Thursday, March 17, 2011
It's morning I think. I don't wear a watch and I left my cell phone on my desk upstairs. I can only imagine where it is now, no doubt crushed into a thousand pieces under the weight of smoldering concrete and twisted metal. I still can't believe I'm alive. I'm trapped in a small custodial closet in the basement of the Vera-Cross building. It was by pure dumb luck that I ended up in this stinking, moldy hole of a closet. When I heard the roar of the building collapsing I ran. I ran down the hall as fast as I could, but the power cut out before I reached the stairs and in my panic I opened the custodial closet door thinking it was the stairwell. It was pitch black and before I figured out where I was it was too late. The hallway collapsed, crushing the closet door and shooting a blast of scorching dust and debris my way, throwing me against the back wall. That is when everything went silent and numb. My last thought before losing consciousness was wondering who was going to feed my dog, James. Odd, I know. Here I was on the verge of a horrible, crushing death and I was worried about James. I have no idea how long I was out; an hour, two hours, two days? All I know is that I awoke to a heavy blackness, a silent void of smoldering nothingness. I thought I was dead and with the thick scent of smoke burning my lungs and the chalky taste of ash on my lips I could swear I was in hell. When I found the lighter in my pocket and was finally able to shed some light into the room my fears were confirmed. No, I wasn't dead, but I was in hell, stranded alive in the moldy basement of a large building under a jigsaw of twenty-one crumpled floors with a jagged piece of rebar embedded three inches into my leg. But it's okay because its morning I think and a lone shaft of dusty sunlight has found its way into my stale prison, a warm ray of life and hope. So now I sit, waiting for my rescuers, leg bandaged, sitting in a bloody pool, waiting to be found--a lone needle in a ten thousand ton haystack clasping onto this single amazing ray of life, of hope, of sunshine.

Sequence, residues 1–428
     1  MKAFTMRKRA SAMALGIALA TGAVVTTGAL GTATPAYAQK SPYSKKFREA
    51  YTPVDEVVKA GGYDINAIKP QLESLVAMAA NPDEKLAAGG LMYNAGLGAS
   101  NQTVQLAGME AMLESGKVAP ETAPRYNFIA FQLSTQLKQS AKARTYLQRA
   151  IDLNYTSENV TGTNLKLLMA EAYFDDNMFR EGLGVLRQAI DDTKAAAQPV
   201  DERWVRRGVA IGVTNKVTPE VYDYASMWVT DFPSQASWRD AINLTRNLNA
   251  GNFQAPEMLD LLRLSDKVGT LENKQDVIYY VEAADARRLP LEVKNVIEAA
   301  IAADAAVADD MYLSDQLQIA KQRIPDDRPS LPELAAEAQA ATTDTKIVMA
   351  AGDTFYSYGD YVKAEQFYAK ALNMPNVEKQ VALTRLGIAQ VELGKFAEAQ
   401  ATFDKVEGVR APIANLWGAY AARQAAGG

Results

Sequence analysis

Posted by Richard Bradford at 8:50 PM